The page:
John Billingsley's Dream Star Trek Episode Sounds Absolutely Wild

The best character on "Star Trek: Enterprise" was easily Dr. Phlox, played by John Billingsley. Phlox, the first Denobulan to have appeared on "Star Trek," was genial, approachable, peculiar, and intelligent beyond measure. He seemed excited to be serving on a ship full of humans, a species he found to be unusually optimistic and amusingly prudish (Denobulans marry into large, complicated polycules, for instance, shocking the more traditionally heteronormative Trip Tucker who refuses to sleep with one of Phlox's wives). Phlox also kept a sizable menagerie of unusual animals on the ship, each one capable of producing an oblique medical secretion. Additionally, Phlox possessed multiple medical degrees, capable of serving as the ship's therapist as well as primary physician.

Denobulans are, in Billingsley's words, "f***ing merry and just exuberant"; in an interview with TrekToday, Billingsley talked about how much he enjoyed playing Phlox — a character he described as buoyant and balanced — compared to the number of "creeps and crumb-bums" he's played in his career. Phlox's merriness provided a welcome contrast to the cast of straight-laced astronauts and stuffy Vulcans more commonly seen on "Enterprise." In the interview, he talks about how often the writers of "Enterprise" really seemed to understand the character in a way that felt consistent to him — "A Night in Sickbay" remains a standout — as well as the times Phlox was perhaps mishandled; why, Billingsley wonders, did Phlox and T'Pol not simply fornicate when she was going through premature pon farr in the episode "Bounty?"

Billingsley wasn't the kind of actor to pitch ideas to the production staff of "Enterprise," content to play the part as it was given him, but he did have one idea that he wishes he had pitched: A story of dozens of Denobulans who are taken onto the ship and have, essentially, a weeks-long orgy.

Sex all over the ship

Billingsley describes his dream "Star Trek: Enterprise" episode in his interview with TrekToday. Billingsley's idea — and a rather amusing one at that — seems to have been a way to challenge the uptight formality commonly associated with "Star Trek," and was based on the idea that Denobulans are, to his eye, wild, sex-crazed hedonists. 

I never really pitched ideas, but one of the ones I kinda wanted to pitch was this: we pick up a Denobulan ship in distress and take in the crew; hundreds of 'em, like Tribbles. They eat all the food. They're messy as s***. They sing and skip and dance... They're hyper-curious and ask tons of questions and they're pleasure-seeking (i.e. you can hear them having sex all over the ship, at all hours, sometimes in public locations). They are inadvertently insulting in their hyper-amused contempt for human modesty and human dopiness, and they basically make the entire crew so incredibly embarrassed, and irritated, that Archer can't wait to shift 'em off onto the nearest inhabitable planet (only there ain't one nearby). [It's] like "The Man Who Came To Dinner," for those of you who know that old chestnut of a play, only Monty Woolley's character is every single Denobulan that comes aboard.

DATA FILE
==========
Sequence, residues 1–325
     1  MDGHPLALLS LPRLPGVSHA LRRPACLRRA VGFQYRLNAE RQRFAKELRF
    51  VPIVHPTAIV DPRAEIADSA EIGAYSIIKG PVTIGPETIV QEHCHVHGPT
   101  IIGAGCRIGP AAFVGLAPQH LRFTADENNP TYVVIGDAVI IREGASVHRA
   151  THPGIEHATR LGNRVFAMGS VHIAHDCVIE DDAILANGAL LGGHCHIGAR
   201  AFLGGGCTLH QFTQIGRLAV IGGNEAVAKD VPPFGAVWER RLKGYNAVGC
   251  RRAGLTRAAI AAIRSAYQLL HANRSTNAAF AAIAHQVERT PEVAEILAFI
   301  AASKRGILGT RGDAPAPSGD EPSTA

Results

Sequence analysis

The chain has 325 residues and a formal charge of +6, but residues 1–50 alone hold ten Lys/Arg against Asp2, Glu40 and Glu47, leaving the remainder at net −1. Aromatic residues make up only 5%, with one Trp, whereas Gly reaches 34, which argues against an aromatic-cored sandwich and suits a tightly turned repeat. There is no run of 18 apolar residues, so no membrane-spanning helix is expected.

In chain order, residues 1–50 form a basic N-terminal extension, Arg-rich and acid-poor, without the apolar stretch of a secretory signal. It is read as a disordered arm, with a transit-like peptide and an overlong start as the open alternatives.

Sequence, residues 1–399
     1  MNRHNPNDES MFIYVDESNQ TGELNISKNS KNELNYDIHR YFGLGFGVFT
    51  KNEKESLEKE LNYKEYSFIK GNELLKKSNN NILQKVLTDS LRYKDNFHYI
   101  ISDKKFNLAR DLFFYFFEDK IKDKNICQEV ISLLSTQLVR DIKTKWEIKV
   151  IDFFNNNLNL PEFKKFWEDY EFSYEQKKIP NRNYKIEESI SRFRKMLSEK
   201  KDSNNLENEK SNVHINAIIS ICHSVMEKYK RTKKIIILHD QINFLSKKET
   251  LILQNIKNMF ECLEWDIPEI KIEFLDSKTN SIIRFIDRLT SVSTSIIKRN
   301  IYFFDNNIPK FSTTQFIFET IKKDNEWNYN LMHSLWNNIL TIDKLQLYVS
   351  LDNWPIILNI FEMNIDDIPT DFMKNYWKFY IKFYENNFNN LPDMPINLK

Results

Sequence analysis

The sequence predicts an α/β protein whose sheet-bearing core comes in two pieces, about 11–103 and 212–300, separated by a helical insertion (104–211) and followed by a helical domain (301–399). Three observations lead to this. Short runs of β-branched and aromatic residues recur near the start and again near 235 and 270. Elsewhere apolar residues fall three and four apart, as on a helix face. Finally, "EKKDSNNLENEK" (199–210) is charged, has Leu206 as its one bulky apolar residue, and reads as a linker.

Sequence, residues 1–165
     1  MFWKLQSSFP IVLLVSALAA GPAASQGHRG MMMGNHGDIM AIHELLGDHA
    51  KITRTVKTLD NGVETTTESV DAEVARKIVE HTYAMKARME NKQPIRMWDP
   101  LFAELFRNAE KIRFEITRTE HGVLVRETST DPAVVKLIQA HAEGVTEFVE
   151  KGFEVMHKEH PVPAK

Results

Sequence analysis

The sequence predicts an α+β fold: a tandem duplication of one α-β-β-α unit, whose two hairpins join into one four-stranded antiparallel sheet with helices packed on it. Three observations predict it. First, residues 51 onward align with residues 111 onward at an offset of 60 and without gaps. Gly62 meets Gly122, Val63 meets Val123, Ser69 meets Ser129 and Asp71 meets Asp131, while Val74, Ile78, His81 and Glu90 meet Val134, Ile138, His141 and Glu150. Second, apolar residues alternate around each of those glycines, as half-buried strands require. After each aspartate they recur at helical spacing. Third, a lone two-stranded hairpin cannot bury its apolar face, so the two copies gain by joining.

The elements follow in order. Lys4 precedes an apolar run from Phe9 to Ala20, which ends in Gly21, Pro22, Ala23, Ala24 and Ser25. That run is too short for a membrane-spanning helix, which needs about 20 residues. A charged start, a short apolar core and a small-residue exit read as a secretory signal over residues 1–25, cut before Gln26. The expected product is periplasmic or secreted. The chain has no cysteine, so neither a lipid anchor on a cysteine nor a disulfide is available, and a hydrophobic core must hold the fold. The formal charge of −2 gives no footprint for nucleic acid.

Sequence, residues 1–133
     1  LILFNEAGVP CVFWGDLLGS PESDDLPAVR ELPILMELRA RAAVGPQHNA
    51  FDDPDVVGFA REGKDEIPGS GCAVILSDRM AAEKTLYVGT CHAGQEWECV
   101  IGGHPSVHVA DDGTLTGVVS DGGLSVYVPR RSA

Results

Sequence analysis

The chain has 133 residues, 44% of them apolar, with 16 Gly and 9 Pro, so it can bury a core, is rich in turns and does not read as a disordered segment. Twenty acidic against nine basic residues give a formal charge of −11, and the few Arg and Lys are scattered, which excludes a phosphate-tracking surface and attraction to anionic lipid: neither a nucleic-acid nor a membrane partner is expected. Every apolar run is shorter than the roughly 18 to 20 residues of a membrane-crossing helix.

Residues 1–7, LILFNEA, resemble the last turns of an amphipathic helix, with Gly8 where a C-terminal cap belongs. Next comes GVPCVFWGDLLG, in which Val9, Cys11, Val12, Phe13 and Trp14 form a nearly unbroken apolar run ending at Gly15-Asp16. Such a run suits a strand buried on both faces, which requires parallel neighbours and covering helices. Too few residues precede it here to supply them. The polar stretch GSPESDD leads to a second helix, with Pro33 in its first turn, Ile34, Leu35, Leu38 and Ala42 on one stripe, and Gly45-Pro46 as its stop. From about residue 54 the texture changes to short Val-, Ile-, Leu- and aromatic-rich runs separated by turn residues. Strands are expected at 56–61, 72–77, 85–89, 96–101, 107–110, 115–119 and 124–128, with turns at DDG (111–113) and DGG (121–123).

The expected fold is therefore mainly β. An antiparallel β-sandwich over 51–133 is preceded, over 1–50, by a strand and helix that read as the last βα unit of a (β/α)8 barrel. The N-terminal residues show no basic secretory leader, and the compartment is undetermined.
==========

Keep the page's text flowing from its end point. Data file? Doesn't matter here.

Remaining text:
The characters on "Enterprise" were, for the most part, wide-eyed adventuresome archetypes. Capt. Archer could be read as the hero of a boy's adventure novel, T'Pol is a stern schoolmarm, and the rest all possessed an element of naïveté — fitting, as they were aboard the first Starfleet vessel to explore space. As such, the awkwardness of a spontaneous orgy erupting on the Enterprise would have been a fantastic counterpoint to the characters' color-within-the-lines approach to command.

Roddenberry's free love

Wild sex-crazed hedonism is a "Trek" tradition, going back to Gene Roddenberry's own lusty views of free love (if you need a clear view on Roddenberry's views on open sexuality, watch the 1971 feature film he wrote, "Pretty Maids All in a Row" — or any of the "Star Trek" episodes that center on an alien society comprising scantily-dressed, low-tech "children of the universe"). One of Roddenberry's more pervasive utopian ideas was that free love would eventually rule and that multi-person relationships should be the norm. He himself wanted to be part of a polycule that included Majel Barrett and Nichelle Nichols (this is no idle gossip; this comes from Nichols' own autobiography), and would eventually have an open relationship with Barrett and his longtime girlfriend Susan Sackett (described in her book, "Inside Trek: My Secret Life with Star Trek Creator Gene Roddenberry").

So Billingsley's ideas of Denobulan hedonism fits the Roddenberrian spirit of "Trek," and his idea of a ship full of sexually-charged Denobulans wouldn't have been out-of-place in the original series (at least thematically). One can easily picture McCoy walking in on nude aliens in the sickbay and politely averting his eyes while trying to get them to dress once again, or Kirk and Spock having to tell a Denobulan captain — using very, very guarded language — that sex in the ship's corridors isn't appropriate on a Starfleet vessel. 

Hilarity would have, no doubt, ensued.